By Marty Dubecky, Multimedia Managing Editor
Last Wednesday, English professor emeritus Dr. Norman Finkelstein took to the podium in McDonald Library to read from and converse about his new poetry collection Further Adventures.
Dr. Finkelstein taught English at Xavier starting in 1980 and retired in 2020 to work on his poetry. Throughout his career, Finkelstein has penned and published 13 books of poetry and six volumes of literary criticism. His most recent work, Further Adventures, was published by Cincinnati publisher Dos Madres Press this Sept.
As a part of the Humanities Reading Room series of poetry readings and speakers, Finkelstein was invited back to Xavier to read from his most recent collection and engage in conversation afterwards.
Xavier English professor Dr. Kristen Renzi moderated the event. She introduced Finkelstein and his work, noting that a longer and more intensive introduction was needed to describe this new collection.
When asked to summarize Finkelstein’s work in a sentence or two, she provided her own interpretation.
“Norman’s work in these most recent collections has been loosely interested in telling this story about a foundation and the motley crew of characters who live and work within it. And it’s a fantastical place,” Renzi said.
She explained that this poetry is not typical rhyming, narrative or lyrical poetry. It tells the story of an androgynous character Pascal Wanderlust, who is tasked with putting back in order an abstract, science fictional foundation called the Imminent Foundation.
“A dark, fragmented narrative weirdly illuminated by sudden bursts of lyricism,” Finkelstein said when asked to put his own work into words.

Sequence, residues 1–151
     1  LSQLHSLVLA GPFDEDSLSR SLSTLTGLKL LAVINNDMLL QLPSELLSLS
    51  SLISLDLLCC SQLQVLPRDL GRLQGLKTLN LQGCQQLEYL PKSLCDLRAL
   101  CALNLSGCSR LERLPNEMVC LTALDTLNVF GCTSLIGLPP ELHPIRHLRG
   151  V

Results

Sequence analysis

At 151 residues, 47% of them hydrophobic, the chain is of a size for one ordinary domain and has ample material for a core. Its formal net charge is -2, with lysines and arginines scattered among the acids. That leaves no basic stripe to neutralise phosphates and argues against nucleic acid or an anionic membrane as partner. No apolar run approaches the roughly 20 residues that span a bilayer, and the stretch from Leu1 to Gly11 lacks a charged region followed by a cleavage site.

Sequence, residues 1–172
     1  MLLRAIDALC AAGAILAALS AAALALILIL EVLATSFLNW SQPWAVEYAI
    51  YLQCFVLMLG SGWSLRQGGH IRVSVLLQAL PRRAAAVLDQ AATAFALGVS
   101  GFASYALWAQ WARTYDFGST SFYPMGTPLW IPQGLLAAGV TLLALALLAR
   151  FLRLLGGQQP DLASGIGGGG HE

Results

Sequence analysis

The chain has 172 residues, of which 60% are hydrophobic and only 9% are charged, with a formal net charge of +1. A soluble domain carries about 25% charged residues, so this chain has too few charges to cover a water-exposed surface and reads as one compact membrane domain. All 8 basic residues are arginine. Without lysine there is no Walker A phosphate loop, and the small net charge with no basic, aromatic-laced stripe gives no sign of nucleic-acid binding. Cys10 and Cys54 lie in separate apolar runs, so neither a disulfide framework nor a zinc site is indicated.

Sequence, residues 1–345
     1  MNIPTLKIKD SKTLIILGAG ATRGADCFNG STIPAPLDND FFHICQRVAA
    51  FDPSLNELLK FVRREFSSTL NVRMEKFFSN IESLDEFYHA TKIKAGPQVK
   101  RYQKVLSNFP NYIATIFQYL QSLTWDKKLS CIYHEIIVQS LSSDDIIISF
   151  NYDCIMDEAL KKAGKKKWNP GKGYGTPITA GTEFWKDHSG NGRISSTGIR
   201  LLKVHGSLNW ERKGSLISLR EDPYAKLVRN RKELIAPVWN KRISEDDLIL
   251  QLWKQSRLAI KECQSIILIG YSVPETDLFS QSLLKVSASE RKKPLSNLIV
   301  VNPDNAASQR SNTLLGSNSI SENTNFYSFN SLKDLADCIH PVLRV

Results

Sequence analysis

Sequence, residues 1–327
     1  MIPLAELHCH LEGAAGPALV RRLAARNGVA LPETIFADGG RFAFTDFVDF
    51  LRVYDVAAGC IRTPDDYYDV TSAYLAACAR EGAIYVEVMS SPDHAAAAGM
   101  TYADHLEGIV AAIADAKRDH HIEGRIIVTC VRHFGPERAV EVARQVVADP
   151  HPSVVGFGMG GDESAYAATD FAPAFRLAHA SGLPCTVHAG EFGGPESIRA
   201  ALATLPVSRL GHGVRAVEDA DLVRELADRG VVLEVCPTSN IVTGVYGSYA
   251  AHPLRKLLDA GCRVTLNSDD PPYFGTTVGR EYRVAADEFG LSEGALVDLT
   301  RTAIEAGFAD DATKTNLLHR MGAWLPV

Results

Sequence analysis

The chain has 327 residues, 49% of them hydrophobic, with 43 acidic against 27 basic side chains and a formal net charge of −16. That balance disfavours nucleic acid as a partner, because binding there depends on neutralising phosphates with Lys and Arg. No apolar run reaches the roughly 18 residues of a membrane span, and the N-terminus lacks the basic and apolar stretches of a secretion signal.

According to both Finkelstein and Renzi, poetry is difficult to understand, especially contemporary poetry. Both Renzi and Finkelstein spoke on their beliefs regarding the importance of poetry in our university.
“A lot of modern poetry is difficult, and a lot of poetry of any sort is not easily understood upon a first hearing,” Finkelstein said. “Studying poetry can be of enormous benefit to all undergraduates, regardless of their major or personal interest. It heightens our awareness of linguistic expression. It gives us a deeper sense of inwardness. It renews our understanding and appreciation of the world around us.”
While suffering humanities departments are on her mind as an English professor, Renzi admitted, she sees the challenge and importance of poetry now more than ever.
“Xavier is also undergoing transformation. What that will mean is yet to be seen. There is worth in holding out space and time in one’s life to read the words, ideas, thoughts, emotions and experiences of other people and to take those seriously,” Renzi said.
Both Dr. Renzi and Dr. Finkelstein plan to hold more events, poetry readings and conversations as a part of the Humanities Reading Room series. With local publisher Dos Madres Press celebrating its 25th anniversary soon, Renzi and Finkelstein hope to include them in an upcoming event.
As for the near future, Dr. Finkelstein continues to work on new, more lyrical poetry. Dr. Finkelstein announced he will also return to Xavier, teaching a class entitled “Reading Freud” next semester.